When Ending a Civil War is More Effective than Counter-Terror
Civil wars leave policymakers with three potential outcomes – decisive victory, negotiated settlement, or ongoing violence. Since Sept. 11, the prevalence of negotiated settlements has decreased over an unwillingness to negotiate with organizations designated as terrorists. The expansive language and vision of the War on Terror led the U.S. government to perceive any insurgent group that used terrorist tactics as a terrorist organization equivalent to al-Qaeda. This dynamic was exacerbated as groups like al-Shabaab, which had only conducted attacks inside Somalia prior to its designation as a terrorist group, sought alliance with the trans-national terrorist organization.
This has placed the United States in the difficult position of attempting to reverse battlefield victories won by Islamist insurgencies like al-Shabaab and its predecessor, the Islamic Courts Union. These groups have been successful not only because of greater military prowess than government forces and warlord militias, but also because of their more predictable and legitimate forms of justice. Having lost large swaths of territory, al-Shabaab stitched itself within the fabric of Somali society, often lending the organization far more legitimacy and credibility than the alternative presented by the Somali government.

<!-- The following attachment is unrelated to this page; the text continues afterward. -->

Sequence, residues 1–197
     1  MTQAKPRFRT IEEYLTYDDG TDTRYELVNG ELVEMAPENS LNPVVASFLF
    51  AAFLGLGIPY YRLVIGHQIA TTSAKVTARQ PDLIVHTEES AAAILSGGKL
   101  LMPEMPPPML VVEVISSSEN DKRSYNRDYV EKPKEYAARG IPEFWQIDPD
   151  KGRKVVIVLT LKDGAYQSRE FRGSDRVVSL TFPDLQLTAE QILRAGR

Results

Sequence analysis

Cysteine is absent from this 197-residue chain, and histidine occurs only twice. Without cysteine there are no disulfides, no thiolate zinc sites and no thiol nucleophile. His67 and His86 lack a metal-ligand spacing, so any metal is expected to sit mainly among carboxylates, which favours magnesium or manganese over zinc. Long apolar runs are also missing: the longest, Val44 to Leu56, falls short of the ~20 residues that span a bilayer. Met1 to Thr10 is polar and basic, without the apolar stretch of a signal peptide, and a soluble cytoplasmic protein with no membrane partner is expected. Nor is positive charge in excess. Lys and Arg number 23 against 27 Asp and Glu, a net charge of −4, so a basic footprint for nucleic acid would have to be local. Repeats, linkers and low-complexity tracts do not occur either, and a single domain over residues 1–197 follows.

Al-Shabaab is well situated to continue fighting in Somalia indefinitely. It enjoys robust and sustainable domestic financing through effective taxation. Further, my own research shows that rebel organizations capable of employing conventional and irregular forms of warfare decisively win civil wars far more often than they lose. Al-Shabaab is a remarkably resilient organization that has sustained worse losses than those it is incurring as a result of escalated U.S. drone strikes. Indeed, leading experts see little evidence of the group’s imminent defeat. The inability to decisively defeat al-Shabaab leaves only negotiated settlement or prolonged fighting and the certainty of continued terrorist activity as plausible near-term outcomes to the ongoing conflict.
Correcting Course to Align Means with Realistic Ends